1. The popular original meaning: Get drunk, get laid, and rampage the countryside.
  2. The anything with Santa meaning: It’s all marketing, so relax and go with it. Buy twice as much shit as you can afford, and tape the receipts to the undersides of the boxes.
  3. The religious meaning: Pretend Christmas doesn’t exist and sit quietly at home. (Actually celebrating Christ on Christmas is a relatively new thing, and I give it maybe a another year at most.)

Whatever you pick, do it with gladness and love, and know that I for one and Lena for two, wish you and yours a very merry Christmas.


34 Responses to 600 – Chorka • 09

  1. Hope you have a very Merry (insert holiday of your choice)! May you spend the day (insert appropriate holiday activities) with your friends and family. Hope you get lots of (insert whatever)!

    Wow, political correctness is tiring. Fuck it… Merry Christmas!

  2. I love this myth about Christmas being politically incorrect, something propagated by the Daily Mails and Fox Newses of this world. Any organisation that fails to prominently display the word “Christmas” in it’s holiday celebrations is deemed to be some left-wing liberal commie atheist conspiracy heralding the end of civilisation. In fact even when organisations do spend vast amounts of money on genuine proper “Christmas” branded pap, but then decide to spend maybe 0.1% of their budget acknowledging the non-Christian population by doing a few cards with “Seasons Greetings” or the famous example of the “Winterval” festival, they still get branded as pandering to political correctness.

    Meanwhile the Fox Newses and the Daily Mails continue to produce output railing against immigration, multiculturalism, social care, health reform, secularism, diplomacy… who needs peace on earth and goodwill to ALL men?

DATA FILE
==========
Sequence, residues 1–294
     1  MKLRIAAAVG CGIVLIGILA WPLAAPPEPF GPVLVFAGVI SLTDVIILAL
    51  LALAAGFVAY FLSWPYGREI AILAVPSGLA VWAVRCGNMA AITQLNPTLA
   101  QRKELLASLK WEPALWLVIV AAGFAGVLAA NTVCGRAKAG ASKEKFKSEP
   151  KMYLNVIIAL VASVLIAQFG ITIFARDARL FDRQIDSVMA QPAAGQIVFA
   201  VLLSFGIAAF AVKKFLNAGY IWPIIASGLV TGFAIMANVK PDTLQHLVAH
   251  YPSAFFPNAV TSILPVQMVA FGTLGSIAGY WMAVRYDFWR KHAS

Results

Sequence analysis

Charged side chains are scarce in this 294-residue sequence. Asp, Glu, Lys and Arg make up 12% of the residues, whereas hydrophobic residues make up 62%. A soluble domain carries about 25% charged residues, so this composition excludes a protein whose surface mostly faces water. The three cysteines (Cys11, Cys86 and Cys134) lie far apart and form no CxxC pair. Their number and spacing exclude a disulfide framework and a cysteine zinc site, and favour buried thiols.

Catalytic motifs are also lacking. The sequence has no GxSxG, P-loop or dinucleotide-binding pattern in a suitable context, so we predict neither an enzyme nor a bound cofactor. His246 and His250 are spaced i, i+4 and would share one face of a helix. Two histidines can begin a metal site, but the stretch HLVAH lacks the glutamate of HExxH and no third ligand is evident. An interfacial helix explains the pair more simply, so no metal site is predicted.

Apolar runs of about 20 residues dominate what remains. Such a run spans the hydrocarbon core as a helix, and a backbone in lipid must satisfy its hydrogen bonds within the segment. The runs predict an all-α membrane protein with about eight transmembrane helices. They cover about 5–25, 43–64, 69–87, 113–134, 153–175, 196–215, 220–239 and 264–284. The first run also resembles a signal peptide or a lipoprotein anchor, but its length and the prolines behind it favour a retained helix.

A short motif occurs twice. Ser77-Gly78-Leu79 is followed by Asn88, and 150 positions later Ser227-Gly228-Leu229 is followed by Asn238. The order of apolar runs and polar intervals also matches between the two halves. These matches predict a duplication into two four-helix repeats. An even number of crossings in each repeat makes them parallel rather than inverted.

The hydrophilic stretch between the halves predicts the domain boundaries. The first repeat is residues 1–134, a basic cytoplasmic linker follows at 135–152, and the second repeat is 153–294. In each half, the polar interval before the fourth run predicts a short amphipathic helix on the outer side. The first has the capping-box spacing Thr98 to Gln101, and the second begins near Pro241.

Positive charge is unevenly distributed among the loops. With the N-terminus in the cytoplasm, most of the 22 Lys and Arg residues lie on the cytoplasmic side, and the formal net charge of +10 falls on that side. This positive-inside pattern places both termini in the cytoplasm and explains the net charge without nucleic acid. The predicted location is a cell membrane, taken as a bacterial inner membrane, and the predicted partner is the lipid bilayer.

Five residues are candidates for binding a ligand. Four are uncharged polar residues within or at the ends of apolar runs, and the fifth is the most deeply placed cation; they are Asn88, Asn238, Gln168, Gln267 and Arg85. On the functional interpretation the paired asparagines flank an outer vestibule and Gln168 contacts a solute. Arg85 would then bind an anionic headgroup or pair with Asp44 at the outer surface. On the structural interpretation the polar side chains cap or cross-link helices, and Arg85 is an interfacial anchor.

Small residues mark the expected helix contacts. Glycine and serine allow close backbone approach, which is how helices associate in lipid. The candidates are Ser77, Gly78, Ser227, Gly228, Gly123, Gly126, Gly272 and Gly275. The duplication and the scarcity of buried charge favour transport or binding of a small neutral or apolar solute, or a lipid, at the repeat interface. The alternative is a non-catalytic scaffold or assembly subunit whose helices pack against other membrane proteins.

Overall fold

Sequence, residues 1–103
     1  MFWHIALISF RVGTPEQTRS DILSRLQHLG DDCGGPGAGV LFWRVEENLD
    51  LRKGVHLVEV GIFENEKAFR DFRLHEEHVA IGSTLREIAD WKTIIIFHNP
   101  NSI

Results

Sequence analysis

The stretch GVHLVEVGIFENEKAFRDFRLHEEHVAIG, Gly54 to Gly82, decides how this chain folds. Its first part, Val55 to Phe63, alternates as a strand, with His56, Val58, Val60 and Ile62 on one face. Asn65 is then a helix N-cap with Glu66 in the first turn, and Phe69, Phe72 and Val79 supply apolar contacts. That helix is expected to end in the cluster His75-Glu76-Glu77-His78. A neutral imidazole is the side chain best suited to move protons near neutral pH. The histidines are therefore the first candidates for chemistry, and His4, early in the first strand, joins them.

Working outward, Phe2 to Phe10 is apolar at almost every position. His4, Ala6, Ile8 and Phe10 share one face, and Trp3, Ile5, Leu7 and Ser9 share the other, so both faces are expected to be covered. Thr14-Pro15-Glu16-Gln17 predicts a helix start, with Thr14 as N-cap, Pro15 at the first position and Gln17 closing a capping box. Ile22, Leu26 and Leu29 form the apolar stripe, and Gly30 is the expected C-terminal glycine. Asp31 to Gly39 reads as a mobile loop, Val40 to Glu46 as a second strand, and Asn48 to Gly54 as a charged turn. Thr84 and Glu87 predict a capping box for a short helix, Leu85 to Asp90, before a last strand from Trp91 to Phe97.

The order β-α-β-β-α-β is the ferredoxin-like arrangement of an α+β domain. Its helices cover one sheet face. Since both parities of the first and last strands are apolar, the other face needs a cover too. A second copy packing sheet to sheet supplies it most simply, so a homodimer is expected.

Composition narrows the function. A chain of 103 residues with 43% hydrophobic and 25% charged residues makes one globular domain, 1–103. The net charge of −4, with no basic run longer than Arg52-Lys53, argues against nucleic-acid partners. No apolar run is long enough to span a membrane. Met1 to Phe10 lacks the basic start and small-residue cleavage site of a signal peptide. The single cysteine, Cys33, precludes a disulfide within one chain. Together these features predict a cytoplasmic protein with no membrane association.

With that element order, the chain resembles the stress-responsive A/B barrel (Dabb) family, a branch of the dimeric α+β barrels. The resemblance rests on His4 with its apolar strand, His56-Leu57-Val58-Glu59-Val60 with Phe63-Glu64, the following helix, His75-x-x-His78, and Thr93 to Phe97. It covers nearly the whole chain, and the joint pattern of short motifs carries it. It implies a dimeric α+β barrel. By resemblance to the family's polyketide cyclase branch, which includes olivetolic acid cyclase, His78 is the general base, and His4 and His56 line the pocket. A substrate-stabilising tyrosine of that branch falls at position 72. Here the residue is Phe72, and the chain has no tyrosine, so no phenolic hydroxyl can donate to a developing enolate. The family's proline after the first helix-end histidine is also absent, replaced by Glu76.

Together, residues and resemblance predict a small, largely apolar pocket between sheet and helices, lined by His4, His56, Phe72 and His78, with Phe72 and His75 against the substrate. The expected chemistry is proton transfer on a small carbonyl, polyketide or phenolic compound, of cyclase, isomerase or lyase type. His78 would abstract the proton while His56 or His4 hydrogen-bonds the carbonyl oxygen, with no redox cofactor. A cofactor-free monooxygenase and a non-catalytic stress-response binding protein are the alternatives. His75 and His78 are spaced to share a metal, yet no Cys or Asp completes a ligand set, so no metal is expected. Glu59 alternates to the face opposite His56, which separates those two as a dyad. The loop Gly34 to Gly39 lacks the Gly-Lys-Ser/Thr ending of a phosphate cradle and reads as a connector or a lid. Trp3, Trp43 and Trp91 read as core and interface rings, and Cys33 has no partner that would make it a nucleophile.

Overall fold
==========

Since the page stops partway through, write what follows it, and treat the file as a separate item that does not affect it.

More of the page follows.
Incidentally, thank you for your Christmas present Kevin! Velvet in a Santa outfit!! Just what I asked for 🙂

    On another point, what is it about Christmas and popes being physically attacked by women?

    • I love Christmas. I love the lights and the presents and the hugging and seeing my brother and sister and the Christmas specials and everything. I also love it when people get all out of sorts about how other folks choose to celebrate their Christmases… because there is no easier target in all the world than someone who takes a non-serious subject that they are ill-informed about so seriously that they ruin it for themselves. It’s funny on the face of it, and only gets better the more you dig down.

      As for Vorpine, I never considered his attackers being exclusively female, but now that you mention it, it does give me a warm and fuzzy feeling.

      Merry Christmas, Noodlebug!

  3. Sweet essay! Don’t forget Isis, an Egyptian goddess worshipped throughout the Roman Empire as the “virgin mother of god”, in her case, she was the mother of sun god Horus.
    nitpick: The sun god worshipped by Roman soldiers was called Mithras. (According to Wikipedia, that’s the hellenised version of Mithra, a god worshipped in Persian Iran and in India.)
    A mitra, on the other hand, is a bishop’s special liturgical hat.

    • …and mitra is not to be confused with metre, a unit of measure with an alternative spelling.

      Love the essay! Felt like it was a school report someone had to do… is that where you get your material from? Not bad – gives kids a reason to stay in school!

      Happy Isaac Newton’s Birthday! We celebrate that today by ingesting large amounts of food and seeing if we can create a gravitational influence similar to Peter’s from Family Guy. No one has succeeded yet.